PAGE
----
MONTGOMERY, AL - The Woodrow Wilson National Fellowship Foundation has named its second cohort of Woodrow Wilson Indiana Teaching Fellows and an Alabama State University student is among those named.
Melvin Bridges, who graduates Saturday from ASU with a Bachelor of Science in math and computer science, will receive a $30,000 stipend to enroll in a master's degree program that provides intensive clinical preparation for teaching math and science in the urban and rural high school schools that most need strong teachers.
In return, he will commit to teach for three years in high-need Indiana schools. Bridges, who also is an Historically Black Colleges and Universities (HBCU-UP) — STEM Scholar, a member of the Alpha Chi National Honor Society, and a student ambassador for the Thurgood Marshall College Fund, will do his master's degree work in education at the University of Indianapolis.
Bridges is one of 80 Wilson Fellows who will enter innovative teacher preparation programs at four selected Indiana universities — Ball State University, Indiana University-Purdue University Indianapolis, Purdue University, and the University of Indianapolis — and then teach in the state's high-need urban and rural schools.
The announcement of Fellows comes at the conclusion of a rigorous yearlong application and selection process. The new Wilson Fellows, who begin their master's work this summer, will be ready to enter their own classrooms in fall 2011.
Each Fellow receives a $30,000 stipend to complete a special intensive master's program at one of the four partner universities. Fellows then make a commitment to teach for at least three years in a high-need urban or rural school in the state of Indiana that has committed, along with the partner university, to provide ongoing professional support and opportunities for continued study.
"We are proud that this program continues to attract outstanding new teacher candidates to work with Indiana's students," said Arthur Levine, president of the Woodrow Wilson National Fellowship Foundation. "Last year's Fellows are already demonstrating extraordinary skill in the classroom. These new teachers will change thousands of lives — and the Indiana schools that are working with them are changing the face of teacher preparation."
Among this year's Fellows, 96 percent majored in a STEM discipline. Roughly, one-third of them had an undergraduate G.P.A. of 3.5 or better, and nearly a quarter (24 percent) have advanced degrees. Nearly half (45 percent) are changing careers after having been out of college for five years or more; another 36 percent are recent graduates who have rethought their career paths and turned to teaching. Approximately 16 percent are minorities, and roughly one in six (16 percent) comes from out of state.
"Indiana's students are not learning nearly enough math and science to succeed in this world," said Indiana Governor Mitch Daniels. "They need to be taught by people with true mastery of the subject matter, and in the Woodrow Wilson Fellows our kids will have America's most knowledgeable math and science teachers sped to the classrooms that need them most."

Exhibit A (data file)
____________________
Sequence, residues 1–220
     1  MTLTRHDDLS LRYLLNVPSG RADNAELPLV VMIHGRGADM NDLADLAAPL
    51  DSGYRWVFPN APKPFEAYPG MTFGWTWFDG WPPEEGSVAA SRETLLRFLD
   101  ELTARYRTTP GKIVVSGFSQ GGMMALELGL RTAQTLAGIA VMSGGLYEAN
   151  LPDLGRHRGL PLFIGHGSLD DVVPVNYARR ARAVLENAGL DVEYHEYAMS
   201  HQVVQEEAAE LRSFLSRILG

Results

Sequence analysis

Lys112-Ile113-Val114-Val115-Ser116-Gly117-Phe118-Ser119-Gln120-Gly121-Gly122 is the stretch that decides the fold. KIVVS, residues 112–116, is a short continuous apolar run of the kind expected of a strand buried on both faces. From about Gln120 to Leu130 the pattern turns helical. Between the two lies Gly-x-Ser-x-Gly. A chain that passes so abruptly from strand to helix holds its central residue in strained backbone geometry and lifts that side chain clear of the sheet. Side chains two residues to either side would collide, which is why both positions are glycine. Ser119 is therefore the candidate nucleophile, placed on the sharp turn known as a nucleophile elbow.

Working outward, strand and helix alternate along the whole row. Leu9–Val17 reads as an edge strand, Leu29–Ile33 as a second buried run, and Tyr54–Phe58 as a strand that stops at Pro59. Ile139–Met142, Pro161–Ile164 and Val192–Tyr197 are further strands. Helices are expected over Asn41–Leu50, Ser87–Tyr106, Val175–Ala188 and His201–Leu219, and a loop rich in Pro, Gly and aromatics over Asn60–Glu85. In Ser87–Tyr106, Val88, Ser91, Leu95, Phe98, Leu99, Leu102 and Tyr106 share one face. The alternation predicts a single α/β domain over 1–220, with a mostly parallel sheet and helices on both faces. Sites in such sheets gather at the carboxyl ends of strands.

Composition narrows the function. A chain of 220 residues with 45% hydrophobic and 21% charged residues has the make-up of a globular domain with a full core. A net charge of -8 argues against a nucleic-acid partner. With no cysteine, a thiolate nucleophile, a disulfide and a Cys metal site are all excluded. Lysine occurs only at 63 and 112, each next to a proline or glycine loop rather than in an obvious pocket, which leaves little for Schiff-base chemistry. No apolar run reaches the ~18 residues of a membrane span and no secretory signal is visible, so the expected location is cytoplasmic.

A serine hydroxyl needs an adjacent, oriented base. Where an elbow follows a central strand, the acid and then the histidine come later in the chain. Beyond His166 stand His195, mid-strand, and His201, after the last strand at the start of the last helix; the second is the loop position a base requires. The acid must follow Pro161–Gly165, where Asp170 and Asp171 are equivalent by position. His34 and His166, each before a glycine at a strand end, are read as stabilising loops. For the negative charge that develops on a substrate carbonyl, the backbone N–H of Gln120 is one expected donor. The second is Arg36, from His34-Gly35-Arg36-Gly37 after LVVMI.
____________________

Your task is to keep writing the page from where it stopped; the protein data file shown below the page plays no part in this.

The Woodrow Wilson Foundation selected Indiana in December 2007 as the first site for its new national fellowship for high school teachers. The program is intended to help overhaul teacher education and encourage exceptionally able teacher candidates to seek long-term careers teaching science, technology, and math (the STEM fields) in high-need classrooms.
The first cohort of Fellows was announced by the Foundation in partnership with the office of Indiana Governor Mitch Daniels last year. The 2009 Fellows are now completing their university programs and are ready to become teachers of record. The Indianapolis-based Lilly Endowment provided a grant of more than $10.1 million to support the program. The state also has provided $3 million to extend the program.
"Lilly Endowment is pleased that the Woodrow Wilson National Fellowship Foundation selected Indiana as the first site of this promising new approach to encourage talented individuals to become teachers," said Sara B. Cobb, Endowment vice president for education. "Early indications are that this program is producing teachers who are enthusiastic and creative — and who have expertise in their STEM disciplines. Indiana students in high-need urban and rural schools will be the beneficiaries of this knowledge."
The Fellows selected include current and recent college graduates, career changers, stay-at-home parents returning to the work force, and retirees.
(See brief bios of Fellows at www.woodrow.org for follow-up stories.)
All finalists were screened by a group of Indiana-based selectors, who observed sample teaching and conducted personal interviews with the candidates, as well as reviewing applications and writing samples. The selectors who led this rigorous process were:
-- Don Meissner, a 33-year veteran of teaching biology who has mentored teacher candidates and conducted education research; and
-- Beth Marchant, a career-changing engineer who taught high school physics and now staffs QuarkNet, an online physics resource for teachers and students nationwide.
"These are truly stellar teacher candidates who will make a real difference in students' lives," said Constance K. Bond, vice president for Teaching Fellowships at the Woodrow Wilson Foundation and former coordinator of education policy at Teachers College, Columbia University. "I am enormously impressed with the quality of Indiana's candidates for this Fellowship, and with their genuine enthusiasm for bringing science and math to life in Indiana classrooms."